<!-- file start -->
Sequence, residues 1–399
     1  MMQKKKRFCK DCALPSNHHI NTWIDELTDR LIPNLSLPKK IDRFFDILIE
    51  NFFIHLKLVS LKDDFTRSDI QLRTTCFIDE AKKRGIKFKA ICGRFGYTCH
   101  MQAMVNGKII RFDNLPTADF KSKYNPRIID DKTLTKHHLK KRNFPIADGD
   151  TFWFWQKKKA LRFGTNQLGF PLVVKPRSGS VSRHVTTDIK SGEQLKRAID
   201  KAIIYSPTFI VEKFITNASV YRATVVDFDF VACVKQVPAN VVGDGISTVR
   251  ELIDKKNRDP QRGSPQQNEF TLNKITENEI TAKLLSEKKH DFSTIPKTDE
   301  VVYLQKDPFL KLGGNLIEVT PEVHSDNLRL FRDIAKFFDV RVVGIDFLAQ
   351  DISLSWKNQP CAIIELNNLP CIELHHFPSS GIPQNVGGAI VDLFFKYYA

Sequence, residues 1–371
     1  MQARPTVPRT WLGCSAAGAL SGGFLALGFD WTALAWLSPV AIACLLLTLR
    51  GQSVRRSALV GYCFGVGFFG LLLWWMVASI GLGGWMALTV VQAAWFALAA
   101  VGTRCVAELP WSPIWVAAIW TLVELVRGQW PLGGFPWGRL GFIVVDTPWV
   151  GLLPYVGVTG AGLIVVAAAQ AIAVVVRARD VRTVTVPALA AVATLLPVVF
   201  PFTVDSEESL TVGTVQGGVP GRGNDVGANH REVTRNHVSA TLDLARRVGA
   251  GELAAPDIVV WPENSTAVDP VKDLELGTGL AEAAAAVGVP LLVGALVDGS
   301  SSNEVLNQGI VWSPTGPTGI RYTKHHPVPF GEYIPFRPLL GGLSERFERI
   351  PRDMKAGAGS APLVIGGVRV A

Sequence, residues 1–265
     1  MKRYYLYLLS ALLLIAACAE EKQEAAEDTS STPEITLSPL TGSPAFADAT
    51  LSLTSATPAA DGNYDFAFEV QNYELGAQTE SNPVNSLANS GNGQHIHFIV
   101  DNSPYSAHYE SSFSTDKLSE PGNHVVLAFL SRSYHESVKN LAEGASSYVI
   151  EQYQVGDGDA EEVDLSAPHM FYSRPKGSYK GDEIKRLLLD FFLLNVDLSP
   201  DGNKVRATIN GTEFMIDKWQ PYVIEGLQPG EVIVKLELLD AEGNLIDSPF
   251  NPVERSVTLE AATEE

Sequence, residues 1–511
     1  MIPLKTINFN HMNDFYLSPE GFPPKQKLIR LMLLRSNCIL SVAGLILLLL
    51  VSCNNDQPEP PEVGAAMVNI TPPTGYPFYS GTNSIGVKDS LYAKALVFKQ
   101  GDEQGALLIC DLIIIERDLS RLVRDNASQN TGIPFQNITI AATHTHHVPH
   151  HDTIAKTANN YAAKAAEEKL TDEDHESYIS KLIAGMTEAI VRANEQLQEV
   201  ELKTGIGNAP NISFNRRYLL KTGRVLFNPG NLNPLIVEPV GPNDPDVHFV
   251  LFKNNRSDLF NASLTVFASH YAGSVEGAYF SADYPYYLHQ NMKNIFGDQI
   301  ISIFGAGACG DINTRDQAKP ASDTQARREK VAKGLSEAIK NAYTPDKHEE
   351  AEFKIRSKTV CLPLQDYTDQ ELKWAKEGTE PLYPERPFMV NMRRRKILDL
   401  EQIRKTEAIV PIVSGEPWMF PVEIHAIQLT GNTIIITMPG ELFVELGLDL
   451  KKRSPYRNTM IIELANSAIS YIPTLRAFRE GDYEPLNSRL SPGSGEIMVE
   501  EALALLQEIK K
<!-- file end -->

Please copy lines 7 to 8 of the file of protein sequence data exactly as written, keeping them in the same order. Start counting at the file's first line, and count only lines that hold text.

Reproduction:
   251  ELIDKKNRDP QRGSPQQNEF TLNKITENEI TAKLLSEKKH DFSTIPKTDE
   301  VVYLQKDPFL KLGGNLIEVT PEVHSDNLRL FRDIAKFFDV RVVGIDFLAQ